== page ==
Why is safety training so important to new workers and / or to someone who is moving into a new job or position? New workers are 5 times more likely to be injured on the job than experienced workers, and most of those injuries occur within 90 days after starting a new job. Here is a sobering example from a newly released fatality report that describes a such an incident:
A 21 year old warehouse worker was killed when the fork lift he was driving rolled over and crushed him. The OSHA investigation determined the worker had no prior experience, was not provided adequate training, was not wearing a seat belt, and it was his 6th day on the job. It was also his last day.
New workers, young workers, or those moving into a new position must have the safety training which provides the knowledge and skills that are required to do that job safely. A perfect storm for potential injuries arises when an employer makes the assumption that the employee knows how to do the job safely, while at the same time the employee is not willing to ask questions. Every manager has the duty to be sure that each employee possesses the training, skills, and knowledge to perform their job safely.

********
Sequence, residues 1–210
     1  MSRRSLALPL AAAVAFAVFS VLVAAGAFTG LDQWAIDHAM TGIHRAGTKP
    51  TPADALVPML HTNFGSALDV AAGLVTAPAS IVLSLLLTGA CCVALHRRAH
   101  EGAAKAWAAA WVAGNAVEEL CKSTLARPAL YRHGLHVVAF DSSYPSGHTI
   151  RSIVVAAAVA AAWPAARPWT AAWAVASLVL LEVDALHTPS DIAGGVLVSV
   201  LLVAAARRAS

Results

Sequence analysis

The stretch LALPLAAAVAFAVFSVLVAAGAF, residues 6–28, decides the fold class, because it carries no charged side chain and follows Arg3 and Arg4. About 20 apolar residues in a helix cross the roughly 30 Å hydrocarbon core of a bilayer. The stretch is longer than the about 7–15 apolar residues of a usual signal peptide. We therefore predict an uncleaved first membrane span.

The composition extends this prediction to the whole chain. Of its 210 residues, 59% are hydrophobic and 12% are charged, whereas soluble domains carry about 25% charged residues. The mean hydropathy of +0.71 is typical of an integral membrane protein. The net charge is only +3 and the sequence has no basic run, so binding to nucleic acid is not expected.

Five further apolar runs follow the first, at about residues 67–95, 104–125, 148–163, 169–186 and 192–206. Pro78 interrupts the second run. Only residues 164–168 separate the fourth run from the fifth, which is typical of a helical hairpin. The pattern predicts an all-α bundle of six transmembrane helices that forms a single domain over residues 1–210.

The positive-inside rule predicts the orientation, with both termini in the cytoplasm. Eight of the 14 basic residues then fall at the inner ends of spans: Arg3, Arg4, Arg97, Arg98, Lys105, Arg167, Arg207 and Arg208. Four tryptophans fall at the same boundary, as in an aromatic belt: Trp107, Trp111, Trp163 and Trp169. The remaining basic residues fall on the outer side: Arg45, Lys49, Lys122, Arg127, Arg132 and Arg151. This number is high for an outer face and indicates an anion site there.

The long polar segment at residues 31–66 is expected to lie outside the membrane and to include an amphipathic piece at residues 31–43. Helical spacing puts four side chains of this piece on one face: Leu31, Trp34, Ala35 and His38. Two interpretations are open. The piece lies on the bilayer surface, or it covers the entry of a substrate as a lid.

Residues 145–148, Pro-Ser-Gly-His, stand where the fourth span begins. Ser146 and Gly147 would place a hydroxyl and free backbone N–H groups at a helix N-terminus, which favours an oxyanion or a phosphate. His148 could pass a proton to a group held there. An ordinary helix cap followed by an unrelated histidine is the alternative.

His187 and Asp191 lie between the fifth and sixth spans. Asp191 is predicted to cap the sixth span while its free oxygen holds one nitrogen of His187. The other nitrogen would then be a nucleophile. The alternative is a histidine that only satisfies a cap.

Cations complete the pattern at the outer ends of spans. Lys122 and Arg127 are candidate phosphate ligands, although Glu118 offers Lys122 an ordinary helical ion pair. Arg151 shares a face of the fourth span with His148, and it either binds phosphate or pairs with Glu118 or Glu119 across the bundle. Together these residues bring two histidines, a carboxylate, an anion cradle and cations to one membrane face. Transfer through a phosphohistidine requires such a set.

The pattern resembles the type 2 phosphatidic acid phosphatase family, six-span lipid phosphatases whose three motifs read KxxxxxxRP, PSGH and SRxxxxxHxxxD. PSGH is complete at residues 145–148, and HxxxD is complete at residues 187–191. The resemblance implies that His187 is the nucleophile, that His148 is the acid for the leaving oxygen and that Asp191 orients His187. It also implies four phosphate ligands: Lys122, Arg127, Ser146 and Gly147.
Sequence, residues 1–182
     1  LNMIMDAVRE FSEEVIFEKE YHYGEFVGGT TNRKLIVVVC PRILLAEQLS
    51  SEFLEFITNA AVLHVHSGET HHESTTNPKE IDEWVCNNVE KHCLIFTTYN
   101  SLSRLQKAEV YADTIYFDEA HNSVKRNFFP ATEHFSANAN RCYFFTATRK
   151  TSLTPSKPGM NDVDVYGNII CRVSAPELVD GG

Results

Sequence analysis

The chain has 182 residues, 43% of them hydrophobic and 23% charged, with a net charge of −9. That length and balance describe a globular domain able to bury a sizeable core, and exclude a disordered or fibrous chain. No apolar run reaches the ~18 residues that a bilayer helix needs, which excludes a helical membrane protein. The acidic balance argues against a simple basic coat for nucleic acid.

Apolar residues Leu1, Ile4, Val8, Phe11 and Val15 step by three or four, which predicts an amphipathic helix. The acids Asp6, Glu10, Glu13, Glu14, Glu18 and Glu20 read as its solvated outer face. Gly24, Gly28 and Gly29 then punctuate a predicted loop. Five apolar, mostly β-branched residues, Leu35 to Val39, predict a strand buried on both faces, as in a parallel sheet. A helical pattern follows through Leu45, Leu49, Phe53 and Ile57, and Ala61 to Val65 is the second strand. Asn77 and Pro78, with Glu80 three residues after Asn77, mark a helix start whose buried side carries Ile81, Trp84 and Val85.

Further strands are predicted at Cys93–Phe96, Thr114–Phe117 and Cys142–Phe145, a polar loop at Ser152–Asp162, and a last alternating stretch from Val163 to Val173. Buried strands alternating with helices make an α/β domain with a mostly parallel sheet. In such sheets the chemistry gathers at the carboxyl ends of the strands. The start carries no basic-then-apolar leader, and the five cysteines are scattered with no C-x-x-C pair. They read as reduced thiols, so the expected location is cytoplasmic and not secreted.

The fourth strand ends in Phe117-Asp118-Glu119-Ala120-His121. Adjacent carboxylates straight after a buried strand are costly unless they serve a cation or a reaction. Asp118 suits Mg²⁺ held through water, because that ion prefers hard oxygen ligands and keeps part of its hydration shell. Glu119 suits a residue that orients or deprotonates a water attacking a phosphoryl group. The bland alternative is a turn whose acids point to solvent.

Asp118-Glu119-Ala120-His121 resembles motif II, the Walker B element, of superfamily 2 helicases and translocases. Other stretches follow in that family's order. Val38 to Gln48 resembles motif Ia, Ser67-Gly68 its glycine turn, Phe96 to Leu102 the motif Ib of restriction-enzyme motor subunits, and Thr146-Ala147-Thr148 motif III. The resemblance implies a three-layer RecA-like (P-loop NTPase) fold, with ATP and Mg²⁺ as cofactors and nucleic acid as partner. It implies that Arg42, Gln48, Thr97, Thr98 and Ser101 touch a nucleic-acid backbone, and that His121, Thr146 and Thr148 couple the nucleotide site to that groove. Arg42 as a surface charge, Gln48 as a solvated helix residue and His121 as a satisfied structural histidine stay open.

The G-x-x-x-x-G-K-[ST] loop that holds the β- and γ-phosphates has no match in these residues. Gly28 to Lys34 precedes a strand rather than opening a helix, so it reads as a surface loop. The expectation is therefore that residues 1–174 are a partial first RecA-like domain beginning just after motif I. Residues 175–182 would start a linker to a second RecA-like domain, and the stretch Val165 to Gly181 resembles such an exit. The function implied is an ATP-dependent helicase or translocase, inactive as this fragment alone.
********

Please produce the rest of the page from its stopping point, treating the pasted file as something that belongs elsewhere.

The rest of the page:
A few important safety training items that might be overlooked:
- How to recognize, eliminate, and report a safety risk rather than to wait for an incident to happen.
- What to do, who to call, and where to shelter in an emergency situation.
- What to do in a machine breakdown or process upset condition.
- Conveying the safety message that: All injuries are preventable. Working safely is a condition of employment.